Skip to content

What I Learned From Hugging A Whale

Andy Roman, LMHC, R.N., LMT
May 25, 2015
Photo by Stocksy & courtesy of Dr. Reese Halter
May 25, 2015

In June 2011, a pod of twelve pilot whales beached themselves on the shore of Key Largo, Florida. They were all sick with respiratory infections, and were simply too weak to keep themselves afloat. As you probably know, whales are mammals and need to surface regularly to breathe through their blow holes.

The Marine Mammal Conservancy put out a call for volunteers via Facebook. The volunteers would work four-hour shifts and hold these 20-foot, 7,000 pound whales upright in waist-deep water, until they recovered. Day after day, around the clock, a team of dedicated helpers worked to save the lives of these beautiful creatures.

This ad is displayed using third party content and we do not control its accessibility features.

My wife and I drove down to help out, and our son came the next day. When it was our turn, we waded out to the group of people clustered around the enormous, debilitated mammals to relieve them. We were assigned to an adult female whale who had been named "300."

I stood at her left pectoral fin area, one hand holding up her fin, and the other arm embracing her torso. My wife stood vigil at the opposite end, near the tail fins. Our sick patient hardly moved as we held her, and her lungs rattled with each breath.

Looking down I could see her mouth and occasionally her teeth, and yes, I was nervous at first. I could smell her strong breath as she blew out her blow hole, and did my best to avoid the spray she spewed out.

But more amazingly, because I was positioned at her front left end, I could feel her heartbeat! I hugged 300 for the entire four hours.

Her heart was beating against my side the whole time. It was intimate, magic and revealing — and by the way, for me, the longest hug of my life!

Here are five things I learned that day from hugging a whale:

1. Vulnerability brings us closer.

What are the odds of getting to hug a whale? If 300 weren’t so vulnerable we would never have gotten that close.

I think she felt our love and good intentions, which I’m sure helped her to relax. I’ve come to understand that vulnerability is one of the main ingredients of intimacy, along with trust. We’re all in this together, and we all share a beautiful fragility.

2. Focus on the positive, even when things look grim.

As sick as she was and as bad as she must have felt, when the Conservancy ranger entered the water with a bowl of food for 300, she wiggled with excitement! We could feel her joy. We laughed at how cute she was, and rejoiced at her spark of perkiness.

Even in the darkest of times, there is something to be learned here. A positive mindset can help us overcome just about anything.

3. Being of service is fulfilling.

I won’t lie: holding up a 7,000 pound whale is not easy. But it was such an honor. I was so pleased I took the opportunity to volunteer, and so satisfied that I could help these animals in their time of need.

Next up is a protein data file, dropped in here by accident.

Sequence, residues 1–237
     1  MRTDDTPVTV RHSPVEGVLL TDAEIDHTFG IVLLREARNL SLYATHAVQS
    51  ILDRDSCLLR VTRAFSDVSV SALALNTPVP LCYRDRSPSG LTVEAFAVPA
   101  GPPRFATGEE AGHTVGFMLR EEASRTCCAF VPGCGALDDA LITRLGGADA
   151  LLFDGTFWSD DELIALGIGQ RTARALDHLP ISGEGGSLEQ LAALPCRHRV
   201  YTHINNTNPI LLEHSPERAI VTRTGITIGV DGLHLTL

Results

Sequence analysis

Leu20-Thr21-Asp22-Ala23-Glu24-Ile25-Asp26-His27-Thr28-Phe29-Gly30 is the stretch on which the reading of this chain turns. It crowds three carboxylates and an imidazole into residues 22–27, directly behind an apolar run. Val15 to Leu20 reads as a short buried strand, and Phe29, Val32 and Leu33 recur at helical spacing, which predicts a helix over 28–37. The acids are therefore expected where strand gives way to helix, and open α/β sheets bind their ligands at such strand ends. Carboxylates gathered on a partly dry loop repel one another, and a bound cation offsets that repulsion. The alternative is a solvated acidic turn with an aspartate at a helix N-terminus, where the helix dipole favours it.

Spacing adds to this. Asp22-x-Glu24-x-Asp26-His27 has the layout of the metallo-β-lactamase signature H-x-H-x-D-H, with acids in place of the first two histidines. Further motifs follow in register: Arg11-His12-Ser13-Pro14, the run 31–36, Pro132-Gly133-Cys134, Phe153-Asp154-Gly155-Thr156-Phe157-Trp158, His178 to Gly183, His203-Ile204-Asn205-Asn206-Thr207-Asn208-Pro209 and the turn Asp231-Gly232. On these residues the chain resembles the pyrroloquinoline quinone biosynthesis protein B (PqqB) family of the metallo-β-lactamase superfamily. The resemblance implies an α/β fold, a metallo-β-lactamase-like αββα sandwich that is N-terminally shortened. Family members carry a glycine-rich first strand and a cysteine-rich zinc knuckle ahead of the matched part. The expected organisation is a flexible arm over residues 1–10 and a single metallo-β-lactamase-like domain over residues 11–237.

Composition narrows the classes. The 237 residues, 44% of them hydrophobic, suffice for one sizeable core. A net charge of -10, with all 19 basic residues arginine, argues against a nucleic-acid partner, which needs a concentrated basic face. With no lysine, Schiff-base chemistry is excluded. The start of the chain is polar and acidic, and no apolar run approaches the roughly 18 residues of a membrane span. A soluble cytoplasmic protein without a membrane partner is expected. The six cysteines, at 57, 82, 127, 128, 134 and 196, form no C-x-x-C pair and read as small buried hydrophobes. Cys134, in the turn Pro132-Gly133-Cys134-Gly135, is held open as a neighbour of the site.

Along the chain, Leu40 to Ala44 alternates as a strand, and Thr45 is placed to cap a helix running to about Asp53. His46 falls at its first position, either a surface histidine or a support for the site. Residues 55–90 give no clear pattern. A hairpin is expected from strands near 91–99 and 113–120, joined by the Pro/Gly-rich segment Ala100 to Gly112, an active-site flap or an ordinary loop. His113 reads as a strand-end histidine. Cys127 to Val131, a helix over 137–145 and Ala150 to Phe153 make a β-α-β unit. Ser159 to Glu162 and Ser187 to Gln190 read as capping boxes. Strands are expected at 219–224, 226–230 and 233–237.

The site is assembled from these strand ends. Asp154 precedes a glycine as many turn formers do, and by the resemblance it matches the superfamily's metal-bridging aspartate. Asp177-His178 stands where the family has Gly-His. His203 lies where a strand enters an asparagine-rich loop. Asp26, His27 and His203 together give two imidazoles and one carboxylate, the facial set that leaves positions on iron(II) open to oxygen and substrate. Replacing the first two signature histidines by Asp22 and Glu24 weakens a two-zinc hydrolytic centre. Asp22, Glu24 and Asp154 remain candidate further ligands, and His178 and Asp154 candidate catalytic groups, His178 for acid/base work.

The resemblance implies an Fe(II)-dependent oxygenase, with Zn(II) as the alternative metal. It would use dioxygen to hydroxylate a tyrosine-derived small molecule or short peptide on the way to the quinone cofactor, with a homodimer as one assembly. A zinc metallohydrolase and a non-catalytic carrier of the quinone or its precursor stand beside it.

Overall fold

We not only bonded with the whales, but we bonded with each other, too. We connected with our innate sense of care and compassion, and restored our faith in humanity. My wife, son, and I were on a high and stayed in the flow of this kindness for days afterward! You’ve heard of tree-huggers, well, we’re whale huggers!

4. Remember to play.

One of the whales, a calf — perhaps only six-feet long and 400 pounds — as sick and weak as she was, and even in the midst of family tragedy, played at every opportunity.

I heard more laughs coming from the humans holding her than from those holding the adults. Evidently she was flapping her pectoral fins to knock her humans off balance! Not to hurt them or because she was scared, but because she was mischievous! Her playfulness no doubt played an important role in her recovery.

5. Commitment before comfort.

OK, honestly I was relieved when my shift was over. Holding a large mammal upright to make sure it could keep breathing was psychologically taxing, physically demanding, and frankly not that comfortable.

However, the goal was clear, and I felt the commitment. It was personal. I was called to help a living being who needed all the help I could give. Time and discomfort came second. What a great feeling and lesson — I am bigger than my discomfort.

In the end, 300 survived and currently lives at a marine facility in Orlando. Because she had somehow suffered a spinal injury and could not live on her own at sea, she will be cared for in loving hands the rest of her life. The baby pilot whale also recovered fully and was released to join a pod in the wild.

This ad is displayed using third party content and we do not control its accessibility features.
Andy Roman, LMHC, R.N., LMT author page.
Andy Roman, LMHC, R.N., LMT

Andy Roman, LMHC, R.N., LMT, is a Licensed Mental Health Counselor, a Registered Nurse, and a Licensed Massage Therapist who practices his unique form of body-oriented psychotherapy primarily at the Hippocrates Health Institute in West Palm Beach, Florida. Find out more about his work through his book, Deep Feeling, Deep Healing: The Heart, Mind, and Soul of Getting Well, available at his website,